"We're finally, like, a true team now," she said. "I feel like everyone knows their roles, knows their spots and I think that as we continue to just stay level headed throughout everything, even coming off of a championship, we're not satisfied."

    Te-Hina Paopao

  • School/Team: University of South Carolina Gamecocks
  • Position: Guard
  • Te-Hina Paopao brings the ball up during an NCAA game on Feb. 22.
    Artie Walker Jr. / AP
    /
    AP
    Te-Hina Paopao brings the ball up during an NCAA game on Feb. 22.

    Te-Hina Paopao has a sweet tooth and a penchant for siestas.

    "I'm such, like, a boring person for pre-game rituals," she said. "I always got to get a nap in, no matter if it's a noon game, afternoon, or even a night game."

    Then, after the game — win or lose — it's time for dessert.

    Paopao grew up in Oceanside, California with brothers who played a whole bunch of sports. Eventually, when she jumped in, something clicked on the basketball court.

    And people noticed.

    "I was entering eighth grade when I was getting calls from colleges and talking to college coaches. And I knew right then and there that I could do something big with this," she said.

    Fast forward about eight years. For this season, Paopao transferred from Oregon to a powerhouse South Carolina program that went undefeated this season.

    A key part of their success has been Paopao's long-range shooting. At the end of the regular season, the senior had the highest three-point percentage in all of women's Division I basketball.

    But when it comes to inspiration, for Paopao it's not about accolades or fame — it's about her faith and her family's heritage.

    "I know God has been there through every step of the way, through this journey that I've been journeying through since, you know, a young child," she said. "Because I take so much pride in wanting to make my family proud of me and just wanting to inspire the younger generation, especially for Polynesian hoopers."

    Paopao isn't quite ready to go pro yet. Earlier this month, she announced she would return to South Carolina for a fifth season this fall.

    "It wasn't a hard decision at all," she said. "And I knew if I had another year under Coach [Dawn] Staley I could be a much more all-around player and just get that improvement that I came looking for. And it was just everything that I was looking for in a program."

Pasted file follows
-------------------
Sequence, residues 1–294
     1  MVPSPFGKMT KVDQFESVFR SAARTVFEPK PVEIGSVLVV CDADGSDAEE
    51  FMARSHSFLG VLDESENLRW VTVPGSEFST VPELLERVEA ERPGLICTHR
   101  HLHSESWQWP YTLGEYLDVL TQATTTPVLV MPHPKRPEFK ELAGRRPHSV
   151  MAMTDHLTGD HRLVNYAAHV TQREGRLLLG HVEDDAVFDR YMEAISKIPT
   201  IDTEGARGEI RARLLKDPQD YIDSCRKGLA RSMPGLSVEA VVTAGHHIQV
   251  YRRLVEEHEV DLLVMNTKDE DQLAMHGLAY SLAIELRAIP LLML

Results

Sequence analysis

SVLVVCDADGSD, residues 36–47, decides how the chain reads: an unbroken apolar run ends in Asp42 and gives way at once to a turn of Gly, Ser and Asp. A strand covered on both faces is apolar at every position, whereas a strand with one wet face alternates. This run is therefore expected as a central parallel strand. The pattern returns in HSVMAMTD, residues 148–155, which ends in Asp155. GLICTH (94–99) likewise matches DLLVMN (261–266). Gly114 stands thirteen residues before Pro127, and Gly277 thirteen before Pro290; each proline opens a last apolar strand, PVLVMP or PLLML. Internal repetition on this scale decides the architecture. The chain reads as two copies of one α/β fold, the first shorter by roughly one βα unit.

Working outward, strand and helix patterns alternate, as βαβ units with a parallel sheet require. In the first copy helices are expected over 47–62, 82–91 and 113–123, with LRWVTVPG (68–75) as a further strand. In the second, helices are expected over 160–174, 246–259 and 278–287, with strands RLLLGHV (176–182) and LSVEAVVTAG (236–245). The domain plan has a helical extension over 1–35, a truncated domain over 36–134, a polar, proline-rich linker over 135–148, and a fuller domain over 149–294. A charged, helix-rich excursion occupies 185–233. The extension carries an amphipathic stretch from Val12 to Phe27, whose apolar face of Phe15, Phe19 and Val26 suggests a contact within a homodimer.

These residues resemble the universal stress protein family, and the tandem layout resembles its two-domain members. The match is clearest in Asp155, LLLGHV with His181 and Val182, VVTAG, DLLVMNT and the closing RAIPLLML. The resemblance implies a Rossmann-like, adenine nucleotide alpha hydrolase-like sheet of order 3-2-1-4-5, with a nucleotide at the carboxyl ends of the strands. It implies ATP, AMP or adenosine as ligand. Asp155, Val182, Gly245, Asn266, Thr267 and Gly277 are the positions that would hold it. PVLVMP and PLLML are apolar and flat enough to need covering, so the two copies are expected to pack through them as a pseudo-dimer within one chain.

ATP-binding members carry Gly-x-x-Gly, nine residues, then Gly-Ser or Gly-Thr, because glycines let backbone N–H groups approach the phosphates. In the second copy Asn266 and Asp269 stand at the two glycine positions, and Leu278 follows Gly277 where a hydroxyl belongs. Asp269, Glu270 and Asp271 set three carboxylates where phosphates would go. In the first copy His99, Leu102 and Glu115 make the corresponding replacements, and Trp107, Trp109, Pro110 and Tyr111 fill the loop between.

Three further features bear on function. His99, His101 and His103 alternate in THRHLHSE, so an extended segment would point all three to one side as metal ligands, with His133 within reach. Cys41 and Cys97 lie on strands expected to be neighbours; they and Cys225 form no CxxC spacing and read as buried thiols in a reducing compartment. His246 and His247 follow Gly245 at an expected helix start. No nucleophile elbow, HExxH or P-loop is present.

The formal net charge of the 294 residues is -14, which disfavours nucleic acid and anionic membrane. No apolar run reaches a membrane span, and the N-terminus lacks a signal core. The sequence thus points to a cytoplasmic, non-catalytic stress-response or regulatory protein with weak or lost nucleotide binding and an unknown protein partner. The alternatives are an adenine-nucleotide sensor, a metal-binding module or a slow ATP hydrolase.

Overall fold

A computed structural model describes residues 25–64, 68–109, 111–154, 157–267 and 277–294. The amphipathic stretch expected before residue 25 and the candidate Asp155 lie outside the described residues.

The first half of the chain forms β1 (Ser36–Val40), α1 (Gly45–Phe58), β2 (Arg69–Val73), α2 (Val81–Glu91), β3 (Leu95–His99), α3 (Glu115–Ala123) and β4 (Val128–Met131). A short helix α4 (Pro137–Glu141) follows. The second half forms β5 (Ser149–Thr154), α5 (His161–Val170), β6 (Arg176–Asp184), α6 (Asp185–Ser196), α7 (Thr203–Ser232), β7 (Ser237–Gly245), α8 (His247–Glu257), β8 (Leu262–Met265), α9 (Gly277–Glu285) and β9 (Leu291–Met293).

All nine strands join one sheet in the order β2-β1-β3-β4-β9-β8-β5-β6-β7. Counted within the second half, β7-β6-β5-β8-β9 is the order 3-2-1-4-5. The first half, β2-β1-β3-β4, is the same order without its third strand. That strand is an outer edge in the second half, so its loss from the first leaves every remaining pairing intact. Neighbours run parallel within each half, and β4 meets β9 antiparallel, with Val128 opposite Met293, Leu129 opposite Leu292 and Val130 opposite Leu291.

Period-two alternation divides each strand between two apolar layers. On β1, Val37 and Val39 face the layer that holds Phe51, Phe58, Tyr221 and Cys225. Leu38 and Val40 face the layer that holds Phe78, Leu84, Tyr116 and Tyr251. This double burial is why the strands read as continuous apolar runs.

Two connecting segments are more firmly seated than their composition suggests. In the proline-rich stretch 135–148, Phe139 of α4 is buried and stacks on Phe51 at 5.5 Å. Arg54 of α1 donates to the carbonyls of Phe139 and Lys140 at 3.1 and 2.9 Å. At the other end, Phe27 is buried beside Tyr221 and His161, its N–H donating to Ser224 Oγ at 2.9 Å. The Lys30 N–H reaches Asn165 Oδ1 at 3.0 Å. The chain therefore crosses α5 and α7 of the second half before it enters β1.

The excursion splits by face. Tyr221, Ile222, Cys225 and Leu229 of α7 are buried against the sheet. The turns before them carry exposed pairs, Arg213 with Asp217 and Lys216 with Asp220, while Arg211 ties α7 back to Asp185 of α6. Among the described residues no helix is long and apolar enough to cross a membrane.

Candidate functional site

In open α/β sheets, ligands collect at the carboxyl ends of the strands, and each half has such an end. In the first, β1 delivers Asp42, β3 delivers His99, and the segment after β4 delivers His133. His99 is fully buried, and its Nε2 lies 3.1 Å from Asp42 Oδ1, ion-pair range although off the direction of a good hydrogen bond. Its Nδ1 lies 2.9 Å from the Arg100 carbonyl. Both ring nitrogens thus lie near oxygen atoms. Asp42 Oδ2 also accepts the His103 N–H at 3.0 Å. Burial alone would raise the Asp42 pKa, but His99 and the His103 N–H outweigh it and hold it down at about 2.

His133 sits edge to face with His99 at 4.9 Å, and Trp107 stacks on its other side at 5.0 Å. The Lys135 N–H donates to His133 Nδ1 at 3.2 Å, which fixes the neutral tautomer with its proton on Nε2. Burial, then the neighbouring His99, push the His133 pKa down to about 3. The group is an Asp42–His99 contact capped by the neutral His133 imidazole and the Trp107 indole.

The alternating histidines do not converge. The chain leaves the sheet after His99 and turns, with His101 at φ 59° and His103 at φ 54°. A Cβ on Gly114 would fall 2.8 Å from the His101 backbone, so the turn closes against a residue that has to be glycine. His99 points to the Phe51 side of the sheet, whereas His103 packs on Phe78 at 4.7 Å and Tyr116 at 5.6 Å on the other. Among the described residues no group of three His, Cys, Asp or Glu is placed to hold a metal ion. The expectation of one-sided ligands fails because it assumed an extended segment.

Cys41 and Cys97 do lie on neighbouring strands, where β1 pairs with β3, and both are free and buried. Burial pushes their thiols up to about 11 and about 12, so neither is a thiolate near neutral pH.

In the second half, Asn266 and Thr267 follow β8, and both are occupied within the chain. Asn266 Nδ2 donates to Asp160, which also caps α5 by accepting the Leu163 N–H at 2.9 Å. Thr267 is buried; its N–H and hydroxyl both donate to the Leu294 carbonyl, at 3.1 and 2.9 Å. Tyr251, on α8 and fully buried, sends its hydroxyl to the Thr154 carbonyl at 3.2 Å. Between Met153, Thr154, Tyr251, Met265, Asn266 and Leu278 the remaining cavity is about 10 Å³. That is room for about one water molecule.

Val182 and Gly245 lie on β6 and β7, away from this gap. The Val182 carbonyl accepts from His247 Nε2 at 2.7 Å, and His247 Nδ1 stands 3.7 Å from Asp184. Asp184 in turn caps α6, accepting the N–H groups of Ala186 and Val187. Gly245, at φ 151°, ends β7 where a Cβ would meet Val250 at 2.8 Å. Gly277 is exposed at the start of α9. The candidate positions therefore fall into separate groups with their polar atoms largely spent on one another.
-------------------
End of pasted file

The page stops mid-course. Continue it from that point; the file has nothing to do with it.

Alissa Pili

  • School/Team: University of Utah Utes
  • Position: Forward
  • Alissa Pili drives during an NCAA game on Feb. 16.
    Rick Bowmer / AP
    /
    AP
    Alissa Pili drives during an NCAA game on Feb. 16.

    Alissa Pili is the second oldest of nine kids who grew up in Alaska.

    "All of my siblings played sports growing up, so there was always something to do," she said. "We're always watching each other's games and I mean, in Alaska, it was super fun, it was never boring. Definitely a lot of fighting, but it was all love at the end of the day."

    Pili carried that competitive spirit through her adolescence, racking up more than a dozen state championships in volleyball, track and field, wrestling — and her main sport, basketball.

    Then she was recruited to play for the University of Southern California. But she admits she lost her edge, especially after a close family member died.

    So Pili — who is of Samoan and native Alaskan descent — went home. She recalibrated, and transferred to Utah.

    "When I got to Utah I think that I just got my groove back again," she said. "I really was just playing carefree, not thinking about it and that's kind of where I just took off."

    That's an understatement. The senior was named the PAC-12's player of the year last season. In last year's NCAA tournament, Utah lost a close game to the eventual national champion, Louisiana State University.

    "They won the championship and we were right there, and I think that was really just motivation that we compete with anybody when we play our best basketball," Pili said.

    She says she lives for those moments.

    "You got to have the attitude of you don't really care who you're going up against," she said. "I think playing a school that's supposed to be top dog or, like, a player who's the talk of the town, like, that kind of drives me to want to beat them more. I don't know, I gotta just show out."

    Copyright 2024 NPR. To see more, visit https://www.npr.org.

    Jason Fuller
    [Copyright 2024 NPR]
    Kathryn Fink is a producer with NPR's All Things Considered.
    Mia Venkat
    Patrick Jarenwattananon
    [Copyright 2024 NPR]